Introduction / History
The Rajwar are a Dalit or untouchable caste in northeast India. They are a recognized Scheduled Caste, which means the Rajwar are eligible for special public jobs and college admissions. Since the Middle Ages, the Rajwar have served as soldiers in the armies of the northeast India.
Where Are they Located?
Today, most Rajwar work as landless farm laborers. Illiteracy is a major problem for them. Without a basic education there is little hope they can move beyond the mere subsistence level. Some educated young Rajwar have moved to the cities and taken jobs in factories and in public service. Unfortunately, many Rajwar still live in primitive conditions in rural villages without electricity or indoor plumbing.
The primary languages of Rajwar are Hindi, Bengali and Magahi. They also speak other regional languages.
The large majority of the Rajwar live in the Indian states of Bihar, Jharkhand and
What Are Their Lives Like?
West Bengal. Smaller groups of Rajwar live in other areas of India and in Bangladesh.
Poverty is a huge problem for the Dalit Rajwar people. Much of this issue has to do with their lack of education and Hindu religion. The Dalits or Untouchable castes "deserve" their low status due their sins in their previous lives according to the tenets of Hinduism. Even though they are Hindus, they are often denied entrance into Hindu temples and the services of Brahmin priests.
What Are Their Beliefs?
Most Rajwar live in villages without the blessings of modern life. They are endogamous, that is, they marry within their own group. Families arrange marriages, which are officiated by their priests not Brahmins. Sons inherit what little property a father may possess.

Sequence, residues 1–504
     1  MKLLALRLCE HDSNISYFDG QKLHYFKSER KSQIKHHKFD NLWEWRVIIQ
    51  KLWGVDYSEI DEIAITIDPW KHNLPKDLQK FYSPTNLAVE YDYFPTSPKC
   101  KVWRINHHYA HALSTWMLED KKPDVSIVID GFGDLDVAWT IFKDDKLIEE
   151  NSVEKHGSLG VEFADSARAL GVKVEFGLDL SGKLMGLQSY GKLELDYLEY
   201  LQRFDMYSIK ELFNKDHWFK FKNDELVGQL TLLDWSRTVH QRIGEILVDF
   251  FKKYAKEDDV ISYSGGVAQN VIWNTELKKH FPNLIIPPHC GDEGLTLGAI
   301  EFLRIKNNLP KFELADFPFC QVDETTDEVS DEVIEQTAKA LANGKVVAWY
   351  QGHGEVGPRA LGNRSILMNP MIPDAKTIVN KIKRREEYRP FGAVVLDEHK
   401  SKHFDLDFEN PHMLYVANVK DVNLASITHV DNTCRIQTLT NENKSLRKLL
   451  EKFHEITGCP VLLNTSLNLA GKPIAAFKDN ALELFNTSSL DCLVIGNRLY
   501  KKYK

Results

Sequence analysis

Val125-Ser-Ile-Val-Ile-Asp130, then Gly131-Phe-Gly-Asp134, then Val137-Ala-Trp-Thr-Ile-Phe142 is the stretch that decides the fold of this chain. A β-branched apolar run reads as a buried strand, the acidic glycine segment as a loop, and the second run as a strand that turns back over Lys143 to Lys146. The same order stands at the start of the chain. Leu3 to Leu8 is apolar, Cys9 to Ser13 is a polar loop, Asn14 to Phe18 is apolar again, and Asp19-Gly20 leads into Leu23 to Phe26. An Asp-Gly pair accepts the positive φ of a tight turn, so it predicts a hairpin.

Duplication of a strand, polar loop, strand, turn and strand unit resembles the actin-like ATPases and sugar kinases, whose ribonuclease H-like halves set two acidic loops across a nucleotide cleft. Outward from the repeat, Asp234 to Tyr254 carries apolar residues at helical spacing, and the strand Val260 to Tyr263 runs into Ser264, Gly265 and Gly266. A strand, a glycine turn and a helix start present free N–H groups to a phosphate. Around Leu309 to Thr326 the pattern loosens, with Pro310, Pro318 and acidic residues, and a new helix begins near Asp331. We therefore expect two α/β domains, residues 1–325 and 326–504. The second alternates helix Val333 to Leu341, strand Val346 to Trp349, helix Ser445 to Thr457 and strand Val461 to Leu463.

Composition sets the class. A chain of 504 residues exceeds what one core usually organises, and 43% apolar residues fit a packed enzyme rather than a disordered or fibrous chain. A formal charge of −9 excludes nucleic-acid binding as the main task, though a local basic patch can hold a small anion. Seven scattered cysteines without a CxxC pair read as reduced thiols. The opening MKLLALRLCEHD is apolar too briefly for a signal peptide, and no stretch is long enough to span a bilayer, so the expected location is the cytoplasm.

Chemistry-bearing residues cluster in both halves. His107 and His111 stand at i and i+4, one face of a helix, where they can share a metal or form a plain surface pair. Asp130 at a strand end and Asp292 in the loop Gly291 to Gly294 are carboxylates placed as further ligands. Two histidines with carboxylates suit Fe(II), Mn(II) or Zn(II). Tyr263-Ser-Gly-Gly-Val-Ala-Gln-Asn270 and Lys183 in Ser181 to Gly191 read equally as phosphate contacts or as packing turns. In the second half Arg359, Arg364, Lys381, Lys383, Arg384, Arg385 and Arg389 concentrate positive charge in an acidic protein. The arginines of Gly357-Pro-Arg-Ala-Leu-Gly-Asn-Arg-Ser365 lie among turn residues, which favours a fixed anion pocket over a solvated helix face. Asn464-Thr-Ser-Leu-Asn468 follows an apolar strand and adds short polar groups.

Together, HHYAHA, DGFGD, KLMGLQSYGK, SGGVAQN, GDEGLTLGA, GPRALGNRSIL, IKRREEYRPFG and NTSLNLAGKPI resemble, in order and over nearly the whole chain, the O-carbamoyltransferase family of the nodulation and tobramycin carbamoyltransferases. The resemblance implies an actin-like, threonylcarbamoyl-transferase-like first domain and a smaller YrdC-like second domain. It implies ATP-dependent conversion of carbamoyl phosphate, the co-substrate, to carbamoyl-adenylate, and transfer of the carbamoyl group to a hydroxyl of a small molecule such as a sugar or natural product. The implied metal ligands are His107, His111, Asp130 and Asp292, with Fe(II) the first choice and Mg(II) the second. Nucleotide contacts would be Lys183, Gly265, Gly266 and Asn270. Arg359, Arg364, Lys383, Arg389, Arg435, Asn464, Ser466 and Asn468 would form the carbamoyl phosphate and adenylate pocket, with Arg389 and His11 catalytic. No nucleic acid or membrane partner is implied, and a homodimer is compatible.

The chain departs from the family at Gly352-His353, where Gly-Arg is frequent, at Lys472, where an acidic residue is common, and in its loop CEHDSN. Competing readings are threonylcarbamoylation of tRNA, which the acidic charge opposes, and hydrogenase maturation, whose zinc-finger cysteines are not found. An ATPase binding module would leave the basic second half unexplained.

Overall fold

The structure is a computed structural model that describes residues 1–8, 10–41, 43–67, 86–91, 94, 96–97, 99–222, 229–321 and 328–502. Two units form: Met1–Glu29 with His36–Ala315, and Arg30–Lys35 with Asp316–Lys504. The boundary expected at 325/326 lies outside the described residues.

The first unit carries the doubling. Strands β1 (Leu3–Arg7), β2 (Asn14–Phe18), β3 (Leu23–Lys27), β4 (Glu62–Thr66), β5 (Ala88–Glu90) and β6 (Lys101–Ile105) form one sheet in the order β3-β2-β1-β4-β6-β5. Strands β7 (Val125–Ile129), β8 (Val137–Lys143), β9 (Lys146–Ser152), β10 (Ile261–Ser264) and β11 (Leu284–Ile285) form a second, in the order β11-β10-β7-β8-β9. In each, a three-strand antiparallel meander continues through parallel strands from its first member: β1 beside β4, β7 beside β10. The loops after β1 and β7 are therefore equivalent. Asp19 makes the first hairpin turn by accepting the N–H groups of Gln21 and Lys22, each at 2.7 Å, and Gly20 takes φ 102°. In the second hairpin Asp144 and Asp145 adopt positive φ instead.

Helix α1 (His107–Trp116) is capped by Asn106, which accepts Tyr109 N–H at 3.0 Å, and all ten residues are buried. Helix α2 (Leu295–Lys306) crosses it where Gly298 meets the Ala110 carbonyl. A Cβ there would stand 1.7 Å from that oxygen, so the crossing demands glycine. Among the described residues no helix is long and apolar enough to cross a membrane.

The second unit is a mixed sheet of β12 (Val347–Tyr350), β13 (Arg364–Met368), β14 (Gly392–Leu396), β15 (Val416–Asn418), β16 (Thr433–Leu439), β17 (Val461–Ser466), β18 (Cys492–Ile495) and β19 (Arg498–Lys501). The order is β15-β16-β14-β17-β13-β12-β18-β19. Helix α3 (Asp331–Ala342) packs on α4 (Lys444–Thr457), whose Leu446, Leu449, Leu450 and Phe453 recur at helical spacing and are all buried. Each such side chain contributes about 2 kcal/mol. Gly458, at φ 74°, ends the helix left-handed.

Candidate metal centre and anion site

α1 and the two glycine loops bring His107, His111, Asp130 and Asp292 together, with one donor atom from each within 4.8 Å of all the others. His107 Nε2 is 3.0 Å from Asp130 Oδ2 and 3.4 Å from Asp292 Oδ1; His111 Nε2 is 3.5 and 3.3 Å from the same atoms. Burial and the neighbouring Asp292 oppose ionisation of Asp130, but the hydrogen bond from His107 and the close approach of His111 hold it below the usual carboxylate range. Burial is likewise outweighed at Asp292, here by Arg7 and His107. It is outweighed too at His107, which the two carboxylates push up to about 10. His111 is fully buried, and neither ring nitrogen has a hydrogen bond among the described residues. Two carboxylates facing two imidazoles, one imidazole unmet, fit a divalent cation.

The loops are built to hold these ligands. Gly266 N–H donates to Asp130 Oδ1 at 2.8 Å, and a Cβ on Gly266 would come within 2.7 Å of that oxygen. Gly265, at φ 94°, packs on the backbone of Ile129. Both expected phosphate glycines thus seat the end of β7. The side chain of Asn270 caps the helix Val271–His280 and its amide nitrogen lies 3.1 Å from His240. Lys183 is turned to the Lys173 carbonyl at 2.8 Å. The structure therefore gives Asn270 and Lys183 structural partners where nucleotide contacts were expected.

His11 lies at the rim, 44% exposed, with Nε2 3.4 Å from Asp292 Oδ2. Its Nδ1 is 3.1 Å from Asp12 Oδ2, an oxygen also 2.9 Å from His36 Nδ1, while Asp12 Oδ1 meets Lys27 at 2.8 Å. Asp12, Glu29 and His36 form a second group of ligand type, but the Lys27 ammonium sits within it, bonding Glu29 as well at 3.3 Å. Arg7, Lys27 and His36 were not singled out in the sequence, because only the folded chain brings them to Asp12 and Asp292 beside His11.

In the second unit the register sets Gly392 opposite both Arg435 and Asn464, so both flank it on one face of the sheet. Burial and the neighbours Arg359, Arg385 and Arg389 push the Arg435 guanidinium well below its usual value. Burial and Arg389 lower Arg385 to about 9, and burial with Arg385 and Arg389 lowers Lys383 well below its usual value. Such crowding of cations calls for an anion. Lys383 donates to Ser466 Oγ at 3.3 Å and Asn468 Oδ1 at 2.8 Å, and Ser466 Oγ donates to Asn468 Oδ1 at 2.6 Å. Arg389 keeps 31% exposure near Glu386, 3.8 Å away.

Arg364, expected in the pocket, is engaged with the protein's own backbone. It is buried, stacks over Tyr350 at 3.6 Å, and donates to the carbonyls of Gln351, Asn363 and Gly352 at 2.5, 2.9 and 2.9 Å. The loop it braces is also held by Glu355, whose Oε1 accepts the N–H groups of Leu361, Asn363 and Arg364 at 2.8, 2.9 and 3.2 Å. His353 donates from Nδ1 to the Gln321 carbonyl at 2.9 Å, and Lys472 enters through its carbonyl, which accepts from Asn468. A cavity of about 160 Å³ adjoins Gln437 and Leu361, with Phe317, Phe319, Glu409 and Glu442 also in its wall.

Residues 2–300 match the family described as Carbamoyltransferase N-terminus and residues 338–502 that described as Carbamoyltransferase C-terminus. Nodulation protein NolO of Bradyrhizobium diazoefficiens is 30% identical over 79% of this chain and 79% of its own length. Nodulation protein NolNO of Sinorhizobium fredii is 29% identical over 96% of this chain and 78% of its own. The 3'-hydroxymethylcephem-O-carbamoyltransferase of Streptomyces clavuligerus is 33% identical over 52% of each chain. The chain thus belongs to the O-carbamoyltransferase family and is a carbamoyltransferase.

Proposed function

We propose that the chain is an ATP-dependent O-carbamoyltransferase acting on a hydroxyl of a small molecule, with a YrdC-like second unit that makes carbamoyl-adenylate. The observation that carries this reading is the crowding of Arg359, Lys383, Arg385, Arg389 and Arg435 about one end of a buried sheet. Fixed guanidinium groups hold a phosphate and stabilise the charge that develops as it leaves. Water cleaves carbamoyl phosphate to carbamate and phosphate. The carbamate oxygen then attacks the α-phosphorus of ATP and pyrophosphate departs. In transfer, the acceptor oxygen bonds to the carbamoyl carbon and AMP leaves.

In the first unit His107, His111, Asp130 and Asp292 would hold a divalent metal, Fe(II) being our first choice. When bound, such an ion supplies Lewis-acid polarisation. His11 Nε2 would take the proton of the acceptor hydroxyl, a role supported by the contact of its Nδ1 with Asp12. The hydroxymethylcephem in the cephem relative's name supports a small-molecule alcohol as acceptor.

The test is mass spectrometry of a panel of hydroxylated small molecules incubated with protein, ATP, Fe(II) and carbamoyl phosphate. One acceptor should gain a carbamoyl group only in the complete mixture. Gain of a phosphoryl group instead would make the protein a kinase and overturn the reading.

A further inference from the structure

The Rajwar are not vegetarians. However, due to their economic condition, meat is reserved for special days. As Hindus, they will not eat beef. Their main foods are rice, wheat and vegetables.
The Rajwar cremate adults who die and buy dead children.
The Rajwar practice Hinduism, the ancient religion of India. They worship and serve the gods of the Hindu pantheon. Since they cannot enter Hindu temples, they building their own shrines to their gods. The Rajwar offer food, flowers, prayers and incense to their gods. They believe that by performing rituals and living a good life, they can attain a better life in their next reincarnation. They also engage in folk religion to ward off evil spirits.
What Are Their Needs?
The Rajwar participate in the yearly Hindu holidays of Holi, the festival of colors, Diwali, the festival of lights and Navratri, the nine-day celebration of autumn.
The needs of the Rajwar people are great. Most of all they need to hear and believe the life-changing message of Jesus Christ. They need help in the education of adults and children. They need job training so they are break out of the cycle of poverty. They need to see that there is hope in Jesus.
* Pray that Indian Christians would be moved to reach out and share the gospel with the gospel with the Rajwar.
* Pray that the Rajwar will turn away from Hinduism and embrace the hope that only the God of the Bible can offer.
* Pray that Bible-believing churches would begin in the Rajwar community.